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ZEISS. Discover the fascinating world of birds, and win a birding trip to Columbia

Birding Goals (1 Viewer)

Mysticete

Well-known member
United States
I have been thinking the last few weeks about one of my long term goals, which is to see all the families and subfamilies of birds in the world. This is in addition to my other long-term goal of seeing 700 species within the ABA area.

I am pretty far off I figure from every succeeding at my first goal, although it is doable as a "before I die" sort of thing, as I have seen 63% of the bird families following my own classification. I have 630 ABA birds, so I think I will probably hit that goal before 50. There are still some "low-hanging fruit" places where I can get new birds, without depending on vagrants.

While considering all of that, I also wondered what goals some of the other members here might have. Do you want to see a certain number of birds in a patch/county/country? See a particular set of species or visit certain places? Photograph certain things? Working on some total world list goal? Acquire some unique experience?

I think most of us have some sort of wish or goal we work towards, big or small, even if its perhaps unlikely to actually happen. So curious to hear what folks hear have as goals.
 

Welsh Peregrine

Well-known member
Goal 1 - see all the families, 28 to go
Goals 2 and 3 - see all the birds on the British list (not necessarily in Britain) and all regular Western Palaearctic species . These two are much lower priority than goal 1.
 

lgonz1008

Well-known member
United States
Not sure if it's because I'm overly ambitious or just plain dumb because of my age (currently 24), but here are my goals:
  • See half of all bird species on earth, so between 5,000-6,000 (only at 629 but hoping to pass 1,000 by the end of 2022 with no heard onlys in that list)
  • See at least one member of every bird family in the world
  • Bird every biogeographic region on Earth (not every continent since going to Antarctica might be too much cost wise)
  • Photograph at least half of all the birds I see (even if all the photos aren't great, birder first, photographer second)
 

lgonz1008

Well-known member
United States
I am pretty far off I figure from every succeeding at my first goal, although it is doable as a "before I die" sort of thing, as I have seen 63% of the bird families following my own classification. I have 630 ABA birds, so I think I will probably hit that goal before 50. There are still some "low-hanging fruit" places where I can get new birds, without depending on vagrants.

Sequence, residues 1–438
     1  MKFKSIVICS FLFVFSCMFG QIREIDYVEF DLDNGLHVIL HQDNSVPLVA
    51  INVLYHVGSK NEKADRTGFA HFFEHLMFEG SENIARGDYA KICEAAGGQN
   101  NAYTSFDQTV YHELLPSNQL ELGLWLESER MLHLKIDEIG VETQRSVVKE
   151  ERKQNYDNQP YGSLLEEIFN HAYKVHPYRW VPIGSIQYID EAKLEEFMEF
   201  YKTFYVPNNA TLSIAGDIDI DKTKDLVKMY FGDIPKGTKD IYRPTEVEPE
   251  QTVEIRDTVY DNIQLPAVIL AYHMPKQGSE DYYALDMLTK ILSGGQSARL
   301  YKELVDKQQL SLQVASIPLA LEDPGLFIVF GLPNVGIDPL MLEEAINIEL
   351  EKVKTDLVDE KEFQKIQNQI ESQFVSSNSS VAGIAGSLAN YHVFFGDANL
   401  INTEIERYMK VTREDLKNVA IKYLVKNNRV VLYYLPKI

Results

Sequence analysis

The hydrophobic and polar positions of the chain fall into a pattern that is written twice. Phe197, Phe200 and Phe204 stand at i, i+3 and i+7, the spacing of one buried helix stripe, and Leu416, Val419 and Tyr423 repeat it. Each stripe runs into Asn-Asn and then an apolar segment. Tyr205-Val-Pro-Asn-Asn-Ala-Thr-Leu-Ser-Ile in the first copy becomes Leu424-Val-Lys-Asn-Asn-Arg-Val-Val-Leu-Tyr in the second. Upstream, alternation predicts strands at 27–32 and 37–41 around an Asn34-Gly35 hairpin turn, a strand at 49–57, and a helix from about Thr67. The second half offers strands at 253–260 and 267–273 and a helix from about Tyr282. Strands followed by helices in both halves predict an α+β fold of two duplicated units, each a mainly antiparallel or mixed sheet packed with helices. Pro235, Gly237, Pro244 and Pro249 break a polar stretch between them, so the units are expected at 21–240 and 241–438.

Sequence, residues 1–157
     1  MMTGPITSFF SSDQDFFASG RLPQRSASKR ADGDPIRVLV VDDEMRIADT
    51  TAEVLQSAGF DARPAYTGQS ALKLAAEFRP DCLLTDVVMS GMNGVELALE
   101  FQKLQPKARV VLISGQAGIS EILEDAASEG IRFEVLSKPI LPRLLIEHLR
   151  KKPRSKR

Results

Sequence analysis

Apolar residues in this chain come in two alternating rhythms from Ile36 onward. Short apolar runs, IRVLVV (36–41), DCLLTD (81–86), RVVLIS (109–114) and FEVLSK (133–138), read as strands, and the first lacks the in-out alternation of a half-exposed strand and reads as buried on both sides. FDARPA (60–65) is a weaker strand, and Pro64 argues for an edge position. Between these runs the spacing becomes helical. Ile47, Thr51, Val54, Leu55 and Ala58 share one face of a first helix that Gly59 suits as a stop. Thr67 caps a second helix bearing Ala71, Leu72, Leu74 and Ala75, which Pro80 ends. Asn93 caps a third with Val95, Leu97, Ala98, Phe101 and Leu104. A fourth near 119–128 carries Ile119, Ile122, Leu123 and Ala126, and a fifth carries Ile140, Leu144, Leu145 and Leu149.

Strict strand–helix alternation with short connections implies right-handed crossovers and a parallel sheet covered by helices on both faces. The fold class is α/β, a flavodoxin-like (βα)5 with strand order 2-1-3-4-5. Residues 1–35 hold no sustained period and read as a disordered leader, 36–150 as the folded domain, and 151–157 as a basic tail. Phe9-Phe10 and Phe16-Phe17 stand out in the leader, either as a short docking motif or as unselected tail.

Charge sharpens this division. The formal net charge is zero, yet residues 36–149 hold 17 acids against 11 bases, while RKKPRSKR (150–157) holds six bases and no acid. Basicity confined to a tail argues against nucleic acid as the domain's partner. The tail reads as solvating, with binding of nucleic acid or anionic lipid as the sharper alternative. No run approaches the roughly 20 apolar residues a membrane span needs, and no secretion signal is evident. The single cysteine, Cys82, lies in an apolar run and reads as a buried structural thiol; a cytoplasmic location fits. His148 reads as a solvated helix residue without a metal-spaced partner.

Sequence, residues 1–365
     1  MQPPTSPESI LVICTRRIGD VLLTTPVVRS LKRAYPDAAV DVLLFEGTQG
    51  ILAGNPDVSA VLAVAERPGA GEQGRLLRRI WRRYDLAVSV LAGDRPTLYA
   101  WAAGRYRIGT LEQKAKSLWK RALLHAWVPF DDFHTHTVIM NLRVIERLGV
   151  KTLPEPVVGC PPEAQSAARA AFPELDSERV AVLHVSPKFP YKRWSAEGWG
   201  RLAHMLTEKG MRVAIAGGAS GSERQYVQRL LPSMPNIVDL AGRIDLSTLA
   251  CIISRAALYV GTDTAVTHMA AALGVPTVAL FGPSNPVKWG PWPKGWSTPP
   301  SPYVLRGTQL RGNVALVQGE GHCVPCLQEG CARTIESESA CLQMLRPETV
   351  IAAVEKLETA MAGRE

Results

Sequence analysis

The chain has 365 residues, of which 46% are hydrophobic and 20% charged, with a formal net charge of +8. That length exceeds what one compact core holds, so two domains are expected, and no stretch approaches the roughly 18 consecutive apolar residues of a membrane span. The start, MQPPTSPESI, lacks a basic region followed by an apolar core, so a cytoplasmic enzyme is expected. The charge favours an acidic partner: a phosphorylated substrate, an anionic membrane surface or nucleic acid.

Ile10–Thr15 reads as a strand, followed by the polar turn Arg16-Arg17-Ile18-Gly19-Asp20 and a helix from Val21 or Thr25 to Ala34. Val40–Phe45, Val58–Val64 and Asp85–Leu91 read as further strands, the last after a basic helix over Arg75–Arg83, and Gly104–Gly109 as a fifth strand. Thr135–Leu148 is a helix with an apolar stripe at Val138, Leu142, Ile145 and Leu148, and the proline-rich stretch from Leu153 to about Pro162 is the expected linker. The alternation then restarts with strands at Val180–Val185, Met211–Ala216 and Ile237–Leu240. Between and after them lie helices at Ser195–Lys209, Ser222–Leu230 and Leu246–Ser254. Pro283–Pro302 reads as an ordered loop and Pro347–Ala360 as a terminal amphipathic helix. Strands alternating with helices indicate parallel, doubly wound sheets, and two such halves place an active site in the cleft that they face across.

Are you counting exotics or natives only, if counting exotics, are you doing any establish population or only ABA countable species?
 

David_

Well-known member
Germany
I don‘t really have big goals in birding. Only thing I try to achieve is to see all bird species regularly occurring in Germany. For me this means all regularly breeding, wintering and migratory species which are passing through each year as well as vagrants which have been seen in Germany at least once a year in the last years. Seeing a couple of rare vagrants along the journey to reach this goal would be nice but I don‘t consider birds which occur just once every few years as birds of Germany.
I love traveling all over the world and I am sure will see a lot of birds (and other animals) outside of Germany but I want to focus on exploring nature in my area. Maybe at some point I will extend my goal to include the Benelux as most parts are actually closer to the area I live in than some parts of Germany.
 

Mysticete

Well-known member
United States
Are you counting exotics or natives only, if counting exotics, are you doing any establish population or only ABA countable species?
All birds on the ABA list, exotic and native. for countability I am basing it on the recent chart they produced listing all exotic populations.
 

Mysticete

Well-known member
United States
Not sure if it's because I'm overly ambitious or just plain dumb because of my age (currently 24), but here are my goals:
  • See half of all bird species on earth, so between 5,000-6,000 (only at 629 but hoping to pass 1,000 by the end of 2022 with no heard onlys in that list)
  • See at least one member of every bird family in the world
  • Bird every biogeographic region on Earth (not every continent since going to Antarctica might be too much cost wise)
  • Photograph at least half of all the birds I see (even if all the photos aren't great, birder first, photographer second)
Also I am amused that you consider this overly ambitious at the age of 24, when I am 17 years your senior, and only have something like 800 more species than you on my life list :)

Honestly, going to Antarctica is probably cheaper than some of the tours to New Guinea I have seen, given that New Guinea is a must see visit destination for family listers.
 

lgonz1008

Well-known member
United States
Also I am amused that you consider this overly ambitious at the age of 24, when I am 17 years your senior, and only have something like 800 more species than you on my life list :)

Honestly, going to Antarctica is probably cheaper than some of the tours to New Guinea I have seen, given that New Guinea is a must see visit destination for family listers.
Very true, but I also have countries and other spectacles/wildlife I want to see that in reality I don't really need to achieve those goals like making a trip to Mongolia or wanting to see Snow Leopards or a Whale Sharks in the wild, beautiful location and amazing wildlife, but definitely doesn't make it easier on the birding goals.

New Guinea is horribly expensive in the Papua side, however West Papua is surprisingly budget friendly, the catch is that most of the endemic families are very remote in West Papua and they tend to be easy in the highlands of Papua New Guinea. So it's a case of cheaper but more work (and more unique BoP) or spend more but get all those families (and about a dozen BoP). I know that if I got to Papua New Guinea, I'll bite the bullet and get an international tour company trip since the logistics for the country and the solo birder are not kind as opposed to other countries.